In a Word

n. corpulency

n. a voracious eater

“Imprisoned in every fat man a thin one is wildly signalling to be let out.” — Cyril Connolly, The Unquiet Grave, 1944

“Outside every fat man there was an even fatter man trying to close in.” — Kingsley Amis, One Fat Englishman, 1963

In a Word

n. fear of (or worry about) hotels

Art historian Bernard Berenson offered this word in his 1952 memoir Rumour and Reflection:

I invented it long ago to designate the sinking feeling that in my travels often overcame me: of fear lest the inn or hotel at which we were to lodge would be sordid, would not let me have the promised apartment; that my bedroom would have the wrong proportions, mulling or flattening me out of my normal shape and squeezing me out of my own way of breathing; that the lights would be glaring and no reading lamp by my bed; that there would be sharp or clattering sounds outside, or bad smells without or within. Motoring in the Vendee or Poitou, in Spain or Greece as evening darkened, tired or even exhausted, I would wish the destination farther and farther away, for fear of what I should find when I reached it.

When William Tazewell mentioned the word in a 1989 travel article in the New York Times, reader Louis Jay Herman wrote to add “a few more suggested contributions to the Hellenizing of the travel language”:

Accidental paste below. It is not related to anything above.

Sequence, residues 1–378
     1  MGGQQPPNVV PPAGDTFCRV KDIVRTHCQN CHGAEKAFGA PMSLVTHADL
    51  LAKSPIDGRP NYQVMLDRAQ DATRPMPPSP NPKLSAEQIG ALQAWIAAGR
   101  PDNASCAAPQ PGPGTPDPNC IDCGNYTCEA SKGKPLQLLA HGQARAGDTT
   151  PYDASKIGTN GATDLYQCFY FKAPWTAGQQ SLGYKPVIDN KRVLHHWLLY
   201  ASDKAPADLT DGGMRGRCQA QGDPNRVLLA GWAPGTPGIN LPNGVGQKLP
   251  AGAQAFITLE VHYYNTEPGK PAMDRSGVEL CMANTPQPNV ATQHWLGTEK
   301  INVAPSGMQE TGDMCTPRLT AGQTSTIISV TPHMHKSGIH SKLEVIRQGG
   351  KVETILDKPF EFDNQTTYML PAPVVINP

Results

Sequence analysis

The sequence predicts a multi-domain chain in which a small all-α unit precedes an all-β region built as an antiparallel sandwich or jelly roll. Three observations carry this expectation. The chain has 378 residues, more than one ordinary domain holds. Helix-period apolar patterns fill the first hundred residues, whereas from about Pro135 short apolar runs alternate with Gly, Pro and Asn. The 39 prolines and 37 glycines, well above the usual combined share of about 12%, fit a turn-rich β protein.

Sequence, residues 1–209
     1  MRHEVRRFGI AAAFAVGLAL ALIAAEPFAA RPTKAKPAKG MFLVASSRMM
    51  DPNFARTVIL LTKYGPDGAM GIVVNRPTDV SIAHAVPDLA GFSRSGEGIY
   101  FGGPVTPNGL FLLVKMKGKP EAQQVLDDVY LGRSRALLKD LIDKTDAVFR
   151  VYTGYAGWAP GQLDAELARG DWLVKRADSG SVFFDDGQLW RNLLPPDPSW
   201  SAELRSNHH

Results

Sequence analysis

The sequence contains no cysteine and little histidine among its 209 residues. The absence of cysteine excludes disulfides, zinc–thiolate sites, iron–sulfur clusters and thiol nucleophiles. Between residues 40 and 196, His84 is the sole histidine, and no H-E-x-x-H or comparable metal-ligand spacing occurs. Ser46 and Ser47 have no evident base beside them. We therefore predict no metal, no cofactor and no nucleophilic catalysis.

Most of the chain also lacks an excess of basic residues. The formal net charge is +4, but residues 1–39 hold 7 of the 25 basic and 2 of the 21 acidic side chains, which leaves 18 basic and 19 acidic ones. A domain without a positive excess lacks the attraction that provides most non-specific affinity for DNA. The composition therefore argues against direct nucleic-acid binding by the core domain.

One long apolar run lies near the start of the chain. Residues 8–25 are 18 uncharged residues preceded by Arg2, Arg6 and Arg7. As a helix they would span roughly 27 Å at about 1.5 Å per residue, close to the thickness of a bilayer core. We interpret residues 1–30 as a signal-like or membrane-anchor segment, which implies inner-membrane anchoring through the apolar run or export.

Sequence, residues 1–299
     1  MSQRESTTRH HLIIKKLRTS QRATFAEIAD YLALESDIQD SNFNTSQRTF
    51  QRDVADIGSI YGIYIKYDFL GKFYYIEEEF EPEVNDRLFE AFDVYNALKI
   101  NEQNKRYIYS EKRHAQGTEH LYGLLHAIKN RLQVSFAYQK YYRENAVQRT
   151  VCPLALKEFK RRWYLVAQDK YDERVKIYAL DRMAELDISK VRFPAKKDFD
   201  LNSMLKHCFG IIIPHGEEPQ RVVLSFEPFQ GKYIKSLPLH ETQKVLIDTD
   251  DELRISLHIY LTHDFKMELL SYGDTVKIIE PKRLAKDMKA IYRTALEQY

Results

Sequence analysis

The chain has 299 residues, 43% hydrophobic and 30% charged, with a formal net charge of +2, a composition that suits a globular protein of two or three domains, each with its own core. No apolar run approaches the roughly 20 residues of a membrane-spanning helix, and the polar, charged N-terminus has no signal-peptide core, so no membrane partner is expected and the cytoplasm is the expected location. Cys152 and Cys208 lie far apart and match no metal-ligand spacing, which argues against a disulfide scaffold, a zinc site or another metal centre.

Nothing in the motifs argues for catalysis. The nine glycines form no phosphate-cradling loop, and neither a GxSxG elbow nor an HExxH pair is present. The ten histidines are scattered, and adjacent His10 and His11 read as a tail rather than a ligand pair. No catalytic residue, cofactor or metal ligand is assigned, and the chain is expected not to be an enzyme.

n. fear of having to cope with a foreign doctor

n. fear of finding yourself in a foreign hospital

n. fear of foreign pickpockets

n. fear of high prices

And cacohydrophobia, loosely translatable as Can I drink what comes out of the tap in this joint?

In a Word

n. an entity whose presence is unverifiable because it has no physical effects

A.J. Ayer coined this word spontaneously while describing his “principle of verification” during a 1949 broadcast:

Suppose I say, ‘There’s a drogulus over there’ and you say … ‘What’s a drogulus?’ ‘Well,’ I say, ‘I can’t describe what a drogulus is, because it is not the sort of thing you can see or touch. It has no physical effects of any kind, but it’s a disembodied being.’ And you say, ‘Well, how am I to tell if it’s there or not?’ and I say, ‘There’s no way of telling. Everything’s just the same if it’s there or it’s not there. But the fact is it’s there. There’s a drogulus there standing just behind you.’ Does that make sense?

“Talk about obscure words!” writes lexicographer Norman Schur. “Have we finally met the man who wasn’t there?”

As I was going up the stair
I met a man who wasn’t there.
He wasn’t there again today.
I wish, I wish he’d stay away.

— Hughes Mearns

Curiously, Ayer himself seems to have confirmed at least one sighting. In 1959, Lionel Penrose wrote in New Biology, “I had difficulty in finding a suitable name for the activated complexes produced in [certain] experiments. On showing one of them to Professor A. J. Ayer, I inquired whether it perhaps might be a ‘drogulus’ … He replied that it was undoubtedly a ‘drogulus’.”